Title Fight - Floral Green (Cover Artwork)

Title Fight

Title Fight: Floral Green

Floral Green (2012)

SideOneDummy Records


4
If Shed was Title Fight's coming of age record, the band's follow-up, Floral Green, encapsulates the next life stage; the period of time when we feel like we should have it all figured out, while in reality, most of us are still plagued by confusion and insecurity. Title Fight continue to revel i...

If Shed was Title Fight's coming of age record, the band's follow-up, Floral Green, encapsulates the next life stage; the period of time when we feel like we should have it all figured out, while in reality, most of us are still plagued by confusion and insecurity.

Title Fight continue to revel in the '90s on Floral Green, reviving the sounds of Knapsack and Jawbreaker, with elements of Nirvana and Sonic Youth present in parts. The band fuses these outside inspirations with their own style to once again produce an album that strays from their previous efforts. Title Fight experiment with more than just influences on the record, resulting in some of their most interesting and personal songwriting to date.

Bass player and dual vocalist Ned Russin sings of uncertainty on the record's opener, "Numb, But I Still Feel It." Russin pierces through the high-energy track's swirling guitars, screaming, "But did you know I hold my breath through every tunnel? / And wish I could get over this feeling of slipping under / But I never get that far." "Leaf" sonically and lyrically carries the same sensation, as Russin howls, "I feel lost, feel boring" over compatibly wailing guitar riffs.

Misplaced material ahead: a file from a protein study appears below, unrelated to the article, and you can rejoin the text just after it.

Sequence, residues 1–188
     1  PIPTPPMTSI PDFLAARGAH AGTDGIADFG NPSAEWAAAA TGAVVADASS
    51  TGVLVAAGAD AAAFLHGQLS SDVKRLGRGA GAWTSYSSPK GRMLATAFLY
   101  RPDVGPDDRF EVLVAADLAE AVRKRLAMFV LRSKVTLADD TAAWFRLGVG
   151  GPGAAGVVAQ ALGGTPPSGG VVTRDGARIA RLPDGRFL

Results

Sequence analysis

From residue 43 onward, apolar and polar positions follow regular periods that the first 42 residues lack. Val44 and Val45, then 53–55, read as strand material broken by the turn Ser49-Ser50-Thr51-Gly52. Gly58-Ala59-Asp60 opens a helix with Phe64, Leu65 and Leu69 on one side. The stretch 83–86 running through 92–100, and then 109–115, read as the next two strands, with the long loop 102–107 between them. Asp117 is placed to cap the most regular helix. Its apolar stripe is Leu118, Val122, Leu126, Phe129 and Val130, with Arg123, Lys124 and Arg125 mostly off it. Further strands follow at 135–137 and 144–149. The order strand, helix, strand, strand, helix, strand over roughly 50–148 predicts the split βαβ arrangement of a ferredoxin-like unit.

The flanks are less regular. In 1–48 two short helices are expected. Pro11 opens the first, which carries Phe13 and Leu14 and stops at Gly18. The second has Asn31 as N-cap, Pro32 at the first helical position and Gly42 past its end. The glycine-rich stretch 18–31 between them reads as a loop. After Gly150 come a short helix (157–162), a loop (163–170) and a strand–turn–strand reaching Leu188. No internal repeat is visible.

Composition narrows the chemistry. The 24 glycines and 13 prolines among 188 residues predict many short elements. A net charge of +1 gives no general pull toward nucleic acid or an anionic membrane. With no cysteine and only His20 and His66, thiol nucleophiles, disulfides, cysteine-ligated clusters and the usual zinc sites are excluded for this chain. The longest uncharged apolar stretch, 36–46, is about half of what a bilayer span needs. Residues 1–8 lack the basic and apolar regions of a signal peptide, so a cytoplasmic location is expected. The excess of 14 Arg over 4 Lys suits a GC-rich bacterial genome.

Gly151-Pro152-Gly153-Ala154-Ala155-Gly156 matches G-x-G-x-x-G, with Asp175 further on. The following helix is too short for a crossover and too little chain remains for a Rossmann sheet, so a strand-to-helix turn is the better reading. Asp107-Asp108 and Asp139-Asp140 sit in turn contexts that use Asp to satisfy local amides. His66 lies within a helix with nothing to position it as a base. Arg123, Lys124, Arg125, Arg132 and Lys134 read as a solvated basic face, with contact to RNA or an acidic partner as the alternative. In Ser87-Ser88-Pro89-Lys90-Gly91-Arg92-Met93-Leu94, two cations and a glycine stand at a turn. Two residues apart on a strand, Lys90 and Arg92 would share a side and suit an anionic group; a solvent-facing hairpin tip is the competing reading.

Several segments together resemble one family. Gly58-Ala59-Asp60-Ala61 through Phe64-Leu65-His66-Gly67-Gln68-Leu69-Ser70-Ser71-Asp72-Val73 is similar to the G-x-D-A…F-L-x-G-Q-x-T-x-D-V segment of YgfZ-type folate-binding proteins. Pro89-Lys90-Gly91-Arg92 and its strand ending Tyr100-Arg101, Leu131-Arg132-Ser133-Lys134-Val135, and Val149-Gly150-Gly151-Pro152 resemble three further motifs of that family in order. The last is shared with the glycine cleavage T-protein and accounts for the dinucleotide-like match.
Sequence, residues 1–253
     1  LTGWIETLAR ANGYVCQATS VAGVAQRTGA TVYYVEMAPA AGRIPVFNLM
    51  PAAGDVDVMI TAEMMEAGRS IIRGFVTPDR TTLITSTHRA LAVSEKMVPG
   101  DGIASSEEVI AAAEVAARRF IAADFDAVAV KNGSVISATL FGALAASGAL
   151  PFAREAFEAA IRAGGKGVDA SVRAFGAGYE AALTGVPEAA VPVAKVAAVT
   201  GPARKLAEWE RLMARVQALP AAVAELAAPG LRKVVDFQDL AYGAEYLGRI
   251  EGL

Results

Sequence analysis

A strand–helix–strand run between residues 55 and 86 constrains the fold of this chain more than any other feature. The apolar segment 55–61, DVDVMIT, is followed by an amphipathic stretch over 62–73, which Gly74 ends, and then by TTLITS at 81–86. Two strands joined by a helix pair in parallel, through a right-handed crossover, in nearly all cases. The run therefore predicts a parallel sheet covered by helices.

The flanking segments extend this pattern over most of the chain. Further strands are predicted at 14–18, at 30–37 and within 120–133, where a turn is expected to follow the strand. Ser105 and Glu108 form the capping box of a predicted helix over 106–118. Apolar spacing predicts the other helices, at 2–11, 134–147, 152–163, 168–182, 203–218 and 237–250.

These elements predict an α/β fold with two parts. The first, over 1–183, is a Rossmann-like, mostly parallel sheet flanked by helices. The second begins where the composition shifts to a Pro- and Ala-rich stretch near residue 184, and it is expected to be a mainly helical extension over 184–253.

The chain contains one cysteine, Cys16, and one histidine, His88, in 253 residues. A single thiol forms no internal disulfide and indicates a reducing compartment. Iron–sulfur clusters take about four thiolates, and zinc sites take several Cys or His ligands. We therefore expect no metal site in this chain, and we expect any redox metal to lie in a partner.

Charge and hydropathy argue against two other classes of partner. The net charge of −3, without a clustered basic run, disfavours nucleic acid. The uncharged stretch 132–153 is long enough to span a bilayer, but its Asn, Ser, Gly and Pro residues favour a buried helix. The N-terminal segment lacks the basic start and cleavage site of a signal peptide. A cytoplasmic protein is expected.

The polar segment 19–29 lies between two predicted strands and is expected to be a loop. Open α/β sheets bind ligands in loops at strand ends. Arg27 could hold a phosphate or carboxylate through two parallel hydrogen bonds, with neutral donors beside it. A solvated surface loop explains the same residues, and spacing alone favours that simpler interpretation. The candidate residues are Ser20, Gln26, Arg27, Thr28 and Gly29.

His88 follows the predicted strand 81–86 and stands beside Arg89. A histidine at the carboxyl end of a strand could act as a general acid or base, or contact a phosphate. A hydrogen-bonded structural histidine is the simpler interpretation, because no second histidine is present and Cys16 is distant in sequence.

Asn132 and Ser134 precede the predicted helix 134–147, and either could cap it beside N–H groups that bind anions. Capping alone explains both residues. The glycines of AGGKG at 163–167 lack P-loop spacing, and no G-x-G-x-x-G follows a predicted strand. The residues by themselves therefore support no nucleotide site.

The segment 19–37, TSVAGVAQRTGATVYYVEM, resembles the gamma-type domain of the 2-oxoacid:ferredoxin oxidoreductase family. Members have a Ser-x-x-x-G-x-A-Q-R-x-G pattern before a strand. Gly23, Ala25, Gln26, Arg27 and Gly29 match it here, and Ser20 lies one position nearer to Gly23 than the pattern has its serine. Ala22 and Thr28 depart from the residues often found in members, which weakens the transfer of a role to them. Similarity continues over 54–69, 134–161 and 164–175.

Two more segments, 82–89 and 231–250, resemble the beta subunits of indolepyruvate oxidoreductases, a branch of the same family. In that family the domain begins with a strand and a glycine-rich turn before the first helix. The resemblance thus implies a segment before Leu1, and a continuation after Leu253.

Jamie Rhoden approaches the vocals of "Like a Ritual" with an understated power, complementing the song's relative simplicity. Nearing its end, the initial restraint of the track diminishes into a frenzy of instruments, led by Shane Moran's and Rhoden's chaotic guitars. "Secret Society" follows, and is one of Floral Green's numerous high points. Aggressive and uncomplicated, the song is something of a departure for Title Fight, largely adhering to a more traditional punk rock format.

The transition from "Secret Society"'s dynamic hostility into the floating melody of "Head in the Ceiling Fan" is jarring, marking a slight shift in Floral Green's overall sound. Reminiscent of Hum, the song builds gradually, as Rhoden vocally drifts through abstract lyrics like, "Head in the ceiling fan goes rolling and missing like bullets slamming into deer skin." The track glides effortlessly into "Make You Cry," showcasing Russin and Rhoden's joint vocal abilities. In the same vein, "Calloused" sees Russin's hoarse vocal performance echoed and contrasted by Rhoden's clean tone.

Likely the pinnacle of Floral Green, "Lefty" is interchangeably coarse and delicate, heavily driven by Ben Russin's drumming and a low-key vocal performance. Album closer "In-Between" recalls a hint of Nirvana, but feels somewhat incomplete with its drawn-out vocals ahead of an abrupt finish.

Floral Green's standout moments aren't as instantly recognizable as those of its predecessor, Shed, but they're there, and become more apparent with each listen. Title Fight's constant growth and reinvention has seen them become one of those unique bands that are hard to define, and musically and lyrically, they're right where they should be.